It’s that time of year. Moms are marking things off of a long checklist. Dads are cramming vehicles full of suitcases and storage bags and ready-to-assemble furniture. College move-in is happening. (And if it’s happening in the South, there’s also lots of perspiring taking place!)
Some of you may be sending your oldest child off for the first time. And for others, the youngest may be moving out, leaving you at the beginning of your empty nest years. While I’m not a super-seasoned empty nester, I have been at it for a couple of years now. Here are five truths that I’ve learned so far.
1. You forget a lot of the hard stuff that happened during the at-home parenting years.
When you think back, it’s usually the good times that bubble to the surface. Recalling those toddler tantrums and childhood meltdowns isn’t as maddening as it once was. Even the escapades of the recent teen years start to fade as you move into this new season of long-distance parenting.
2. You adjust to the new normal…and even grow to like it.
College drop-off is just the beginning. Most likely, the rest of your life will be full of hellos and goodbyes with your children. I don’t know if that part gets any easier.
For me, the first couple of weeks with both of our girls gone were hard. The upstairs bedrooms were empty. I was only setting two places at the table for meals. And there were no more work or sports uniforms in my laundry pile
But as the weeks went by, there were new revelations. The only timetables my husband and I had to work around were our own. No one’s ball games or work schedules had to be considered. We didn’t have to consult anyone but ourselves about what restaurant we should eat at after church on Sundays.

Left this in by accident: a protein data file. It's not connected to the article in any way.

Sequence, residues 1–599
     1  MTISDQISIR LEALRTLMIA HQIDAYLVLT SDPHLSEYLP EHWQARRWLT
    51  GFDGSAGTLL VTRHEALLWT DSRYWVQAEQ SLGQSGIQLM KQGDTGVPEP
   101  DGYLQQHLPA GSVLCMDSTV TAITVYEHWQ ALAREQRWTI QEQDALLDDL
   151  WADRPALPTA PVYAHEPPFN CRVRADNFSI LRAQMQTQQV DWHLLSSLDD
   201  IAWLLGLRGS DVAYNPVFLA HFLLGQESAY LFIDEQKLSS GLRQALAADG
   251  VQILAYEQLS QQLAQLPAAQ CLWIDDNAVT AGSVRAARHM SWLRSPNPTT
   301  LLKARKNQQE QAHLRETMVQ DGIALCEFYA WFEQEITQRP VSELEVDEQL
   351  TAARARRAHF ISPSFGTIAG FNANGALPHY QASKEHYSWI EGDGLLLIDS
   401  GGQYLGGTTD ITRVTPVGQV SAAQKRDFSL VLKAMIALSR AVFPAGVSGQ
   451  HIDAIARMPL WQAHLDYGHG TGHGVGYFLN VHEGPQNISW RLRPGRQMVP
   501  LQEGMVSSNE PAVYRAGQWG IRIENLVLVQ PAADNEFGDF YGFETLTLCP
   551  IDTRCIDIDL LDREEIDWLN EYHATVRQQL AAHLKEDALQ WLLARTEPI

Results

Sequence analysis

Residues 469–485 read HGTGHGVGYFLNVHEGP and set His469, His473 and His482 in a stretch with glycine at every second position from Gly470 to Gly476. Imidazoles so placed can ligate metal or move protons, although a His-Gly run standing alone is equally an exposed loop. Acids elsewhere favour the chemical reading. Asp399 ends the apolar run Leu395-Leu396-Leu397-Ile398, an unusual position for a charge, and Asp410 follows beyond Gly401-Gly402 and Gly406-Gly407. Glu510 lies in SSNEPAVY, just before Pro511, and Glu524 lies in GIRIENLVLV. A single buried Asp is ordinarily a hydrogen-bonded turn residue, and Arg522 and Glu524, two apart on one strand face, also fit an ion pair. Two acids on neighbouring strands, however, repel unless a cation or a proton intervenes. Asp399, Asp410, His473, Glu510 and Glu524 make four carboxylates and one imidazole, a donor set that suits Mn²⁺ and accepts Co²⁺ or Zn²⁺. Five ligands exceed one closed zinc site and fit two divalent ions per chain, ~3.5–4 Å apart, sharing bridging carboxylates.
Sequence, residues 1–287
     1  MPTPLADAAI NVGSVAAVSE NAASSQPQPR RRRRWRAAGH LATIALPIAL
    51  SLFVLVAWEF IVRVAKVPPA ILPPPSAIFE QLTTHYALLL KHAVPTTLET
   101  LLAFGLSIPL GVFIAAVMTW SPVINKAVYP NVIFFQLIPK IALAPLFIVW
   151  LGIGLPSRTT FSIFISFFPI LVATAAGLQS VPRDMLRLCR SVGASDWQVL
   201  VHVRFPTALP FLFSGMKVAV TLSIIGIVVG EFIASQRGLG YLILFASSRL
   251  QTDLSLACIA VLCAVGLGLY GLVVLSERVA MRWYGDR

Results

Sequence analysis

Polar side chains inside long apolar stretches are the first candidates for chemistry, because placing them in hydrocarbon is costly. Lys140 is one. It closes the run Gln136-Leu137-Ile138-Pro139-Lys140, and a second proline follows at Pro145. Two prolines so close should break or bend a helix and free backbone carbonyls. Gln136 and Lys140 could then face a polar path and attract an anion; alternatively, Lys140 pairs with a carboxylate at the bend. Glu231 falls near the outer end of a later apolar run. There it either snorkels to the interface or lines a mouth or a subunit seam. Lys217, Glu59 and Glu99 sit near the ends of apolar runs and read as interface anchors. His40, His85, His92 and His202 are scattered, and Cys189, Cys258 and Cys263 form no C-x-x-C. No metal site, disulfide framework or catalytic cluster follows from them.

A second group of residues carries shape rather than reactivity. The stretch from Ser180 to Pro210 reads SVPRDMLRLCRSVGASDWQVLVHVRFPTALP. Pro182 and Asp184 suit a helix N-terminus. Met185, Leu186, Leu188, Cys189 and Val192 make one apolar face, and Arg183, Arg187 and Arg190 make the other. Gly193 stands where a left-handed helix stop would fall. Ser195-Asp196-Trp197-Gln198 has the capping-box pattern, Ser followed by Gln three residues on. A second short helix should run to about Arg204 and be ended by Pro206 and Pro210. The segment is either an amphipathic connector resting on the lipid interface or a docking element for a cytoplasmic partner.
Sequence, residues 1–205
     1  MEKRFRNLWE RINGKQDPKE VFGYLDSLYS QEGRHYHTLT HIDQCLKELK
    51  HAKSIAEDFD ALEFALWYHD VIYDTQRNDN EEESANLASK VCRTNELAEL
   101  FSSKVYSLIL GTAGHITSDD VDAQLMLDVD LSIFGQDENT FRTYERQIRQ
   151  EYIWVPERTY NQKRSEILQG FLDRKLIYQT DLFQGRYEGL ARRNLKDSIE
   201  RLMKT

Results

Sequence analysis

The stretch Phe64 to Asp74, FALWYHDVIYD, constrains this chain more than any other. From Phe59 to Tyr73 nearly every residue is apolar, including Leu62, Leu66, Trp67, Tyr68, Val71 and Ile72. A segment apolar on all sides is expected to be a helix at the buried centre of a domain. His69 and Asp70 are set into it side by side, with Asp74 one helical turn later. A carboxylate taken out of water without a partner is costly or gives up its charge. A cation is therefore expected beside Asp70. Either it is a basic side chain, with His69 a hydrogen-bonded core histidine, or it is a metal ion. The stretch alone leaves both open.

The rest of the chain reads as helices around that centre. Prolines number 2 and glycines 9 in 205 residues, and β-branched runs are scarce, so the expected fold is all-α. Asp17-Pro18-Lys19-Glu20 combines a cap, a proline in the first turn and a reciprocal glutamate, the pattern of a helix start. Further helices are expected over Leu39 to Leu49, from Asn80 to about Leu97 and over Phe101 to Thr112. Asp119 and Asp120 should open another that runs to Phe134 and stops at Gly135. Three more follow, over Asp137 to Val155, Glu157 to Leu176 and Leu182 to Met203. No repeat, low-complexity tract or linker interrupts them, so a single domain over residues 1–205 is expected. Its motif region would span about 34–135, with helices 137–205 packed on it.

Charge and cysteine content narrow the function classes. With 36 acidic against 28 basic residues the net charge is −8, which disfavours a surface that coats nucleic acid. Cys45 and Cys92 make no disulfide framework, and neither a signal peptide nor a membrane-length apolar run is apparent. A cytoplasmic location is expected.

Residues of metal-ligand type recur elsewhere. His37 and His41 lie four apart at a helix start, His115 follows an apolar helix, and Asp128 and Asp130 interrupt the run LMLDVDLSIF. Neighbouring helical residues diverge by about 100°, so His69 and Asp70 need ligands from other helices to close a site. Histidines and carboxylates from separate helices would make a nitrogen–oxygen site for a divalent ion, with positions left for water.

Getting into our own routines is something we’ve enjoyed. We can go places and do things when we want to do them. This leads me to the next truth.
3. You get to decide what your empty nest looks like.
With the kids gone, you likely have extra time in your week. You can choose to travel more or start a new hobby. Maybe adult friendships haven’t been a priority while you’ve been raising teens. But now you can meet friends for dinner or have a group over to your house.
Your empty nest doesn’t have to look like anyone else’s. But make some thoughtful decisions about how you want these days to look and you can enjoy this new stage of life.
4. You’ll always have shared memories with your kids.
From the trips you took to your family traditions, ball games you attended to the funny stories that are legendary in your family, nothing can change the memories you made with your children during their growing-up years. You’ll always have those things to remember and reminisce about with your kids.
And if you’re not at the empty nest yet, use these days to make those memories now. It doesn’t have to be big or expensive. Just spend time together learning something new or doing what they enjoy.
5. Getting to step into your adult child’s world is so much fun.
Once your children are gone, you get to go visit them! Whether in college or at their first home or apartment, you can observe the adult that they’re becoming. You can get acquainted with their environment and meet their friends. And, as will be my experience this weekend when I visit our older daughter, they may offer to make dinner for you!
It’s fun to see how our children are developing and growing in their independence once they’ve left our home. You’ll always be their parent, but you can also begin to become their friend.
Having our children leave the nest can be hard. But it’s so rewarding to see them stepping out on their own, becoming the young adults we hoped and prayed they would become all along.
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